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"Days of Abandon": On the first full-length biography of Agnes Martin


Bookforum has a review of Agnes Martin: Her Life and Art by Nancy Princenthal, the first full-length biography on Martin since the legendary abstract painter died in 2004. The book explores the tensions and contradictions in the life of this uncommonly driven painter (who also suffered from schizophrenia):

Nancy Princenthal’s brisk biography Agnes Martin: Her Life and Art neatly lays out the incongruities: the Martin who insisted that nothing was more important to her than the ocean yet lived most of her life in the desert; Martin the ascetic guru, subsisting through the winter on hard cheese and walnuts and homegrown, preserved tomatoes, yet also the margarita- and steak-loving life of the party who, meeting the president and first lady to receive the National Medal of Arts award in 1998, “appreciated [Hillary Clinton’s] personality”; Martin the disciplined practitioner who woke up early every morning to paint, and who admitted, “I don’t get up in the morning until I know exactly what I’m going to do. Sometimes, I stay in bed until about three [in] the afternoon, without any breakfast.” She even had an unlikely passion for fast cars: At the book’s start, we have Rosamund Bernier’s image of Martin “flying” down the dirt road in New Mexico at the wheel of a “white BMW sedan,” and near the end, in the last year of her life, we find Martin in a “spotless” E320 Mercedes. Her art dealer, Arne Glimcher, in turn, discusses her “reckless” habits on the road (she didn’t believe in Stop signs), and recounts going eighty miles per hour with Martin in the passenger seat asking him, “Why are you driving so slow?” What’s clear here is that, despite her apparent serenity, Martin was driven.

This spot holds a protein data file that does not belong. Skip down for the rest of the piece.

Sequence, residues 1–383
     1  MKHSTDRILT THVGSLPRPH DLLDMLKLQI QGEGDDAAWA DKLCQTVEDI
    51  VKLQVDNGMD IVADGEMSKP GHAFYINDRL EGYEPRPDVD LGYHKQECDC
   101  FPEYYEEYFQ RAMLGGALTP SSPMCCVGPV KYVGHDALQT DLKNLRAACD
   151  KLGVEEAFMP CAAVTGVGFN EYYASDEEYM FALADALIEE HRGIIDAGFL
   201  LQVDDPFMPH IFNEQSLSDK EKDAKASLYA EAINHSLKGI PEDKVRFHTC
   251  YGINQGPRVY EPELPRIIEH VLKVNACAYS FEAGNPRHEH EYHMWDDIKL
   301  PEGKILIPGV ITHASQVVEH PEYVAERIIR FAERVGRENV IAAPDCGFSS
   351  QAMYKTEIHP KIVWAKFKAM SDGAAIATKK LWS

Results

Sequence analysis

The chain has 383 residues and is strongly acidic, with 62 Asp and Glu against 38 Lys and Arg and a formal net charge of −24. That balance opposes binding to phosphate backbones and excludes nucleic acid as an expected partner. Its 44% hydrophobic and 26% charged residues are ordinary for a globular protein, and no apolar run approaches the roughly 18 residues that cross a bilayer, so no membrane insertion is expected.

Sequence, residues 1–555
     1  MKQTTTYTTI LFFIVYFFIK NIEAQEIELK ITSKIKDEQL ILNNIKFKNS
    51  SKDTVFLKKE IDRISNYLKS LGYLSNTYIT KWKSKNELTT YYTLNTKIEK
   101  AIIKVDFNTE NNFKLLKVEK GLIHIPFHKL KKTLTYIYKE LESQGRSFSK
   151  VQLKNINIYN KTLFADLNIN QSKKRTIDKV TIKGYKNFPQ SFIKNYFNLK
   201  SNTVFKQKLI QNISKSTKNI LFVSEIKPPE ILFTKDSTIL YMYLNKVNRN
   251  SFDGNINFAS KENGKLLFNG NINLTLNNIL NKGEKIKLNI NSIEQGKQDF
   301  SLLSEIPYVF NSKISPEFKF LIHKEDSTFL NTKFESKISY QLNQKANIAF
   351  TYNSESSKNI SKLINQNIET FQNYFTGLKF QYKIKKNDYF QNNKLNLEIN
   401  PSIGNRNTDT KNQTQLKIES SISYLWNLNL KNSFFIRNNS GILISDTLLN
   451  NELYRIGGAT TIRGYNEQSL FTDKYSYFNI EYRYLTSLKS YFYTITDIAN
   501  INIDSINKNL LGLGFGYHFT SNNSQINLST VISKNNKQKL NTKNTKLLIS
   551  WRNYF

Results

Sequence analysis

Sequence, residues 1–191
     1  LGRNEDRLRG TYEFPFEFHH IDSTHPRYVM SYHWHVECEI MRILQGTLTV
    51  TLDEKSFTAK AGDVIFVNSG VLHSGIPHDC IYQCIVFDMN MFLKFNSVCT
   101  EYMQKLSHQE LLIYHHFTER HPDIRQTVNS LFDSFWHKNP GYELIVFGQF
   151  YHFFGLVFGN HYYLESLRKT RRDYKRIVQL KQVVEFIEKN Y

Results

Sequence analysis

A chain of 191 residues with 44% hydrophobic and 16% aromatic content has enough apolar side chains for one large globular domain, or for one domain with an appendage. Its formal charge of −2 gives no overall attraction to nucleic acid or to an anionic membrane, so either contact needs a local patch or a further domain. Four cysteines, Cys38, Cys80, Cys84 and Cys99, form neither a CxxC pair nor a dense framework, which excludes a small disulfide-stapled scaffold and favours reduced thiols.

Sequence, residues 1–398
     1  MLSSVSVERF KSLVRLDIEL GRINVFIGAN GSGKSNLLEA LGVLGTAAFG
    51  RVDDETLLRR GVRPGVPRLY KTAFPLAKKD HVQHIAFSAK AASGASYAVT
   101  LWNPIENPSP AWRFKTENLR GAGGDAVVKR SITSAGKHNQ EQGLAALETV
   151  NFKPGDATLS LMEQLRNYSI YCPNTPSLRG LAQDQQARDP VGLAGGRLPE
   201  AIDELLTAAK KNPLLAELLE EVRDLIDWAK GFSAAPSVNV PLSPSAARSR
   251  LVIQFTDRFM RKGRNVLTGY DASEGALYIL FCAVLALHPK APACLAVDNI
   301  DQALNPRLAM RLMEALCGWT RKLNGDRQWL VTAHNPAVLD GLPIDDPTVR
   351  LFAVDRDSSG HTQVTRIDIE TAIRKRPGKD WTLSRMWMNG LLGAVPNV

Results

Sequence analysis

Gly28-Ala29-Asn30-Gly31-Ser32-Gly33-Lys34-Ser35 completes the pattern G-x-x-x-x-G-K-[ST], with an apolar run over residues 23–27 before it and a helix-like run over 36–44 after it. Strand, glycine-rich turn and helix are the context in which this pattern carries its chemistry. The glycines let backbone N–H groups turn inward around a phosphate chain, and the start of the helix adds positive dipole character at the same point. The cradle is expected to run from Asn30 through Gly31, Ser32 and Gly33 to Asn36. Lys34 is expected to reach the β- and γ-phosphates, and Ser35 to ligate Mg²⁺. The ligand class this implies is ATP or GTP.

Image: Agnes Martin. Via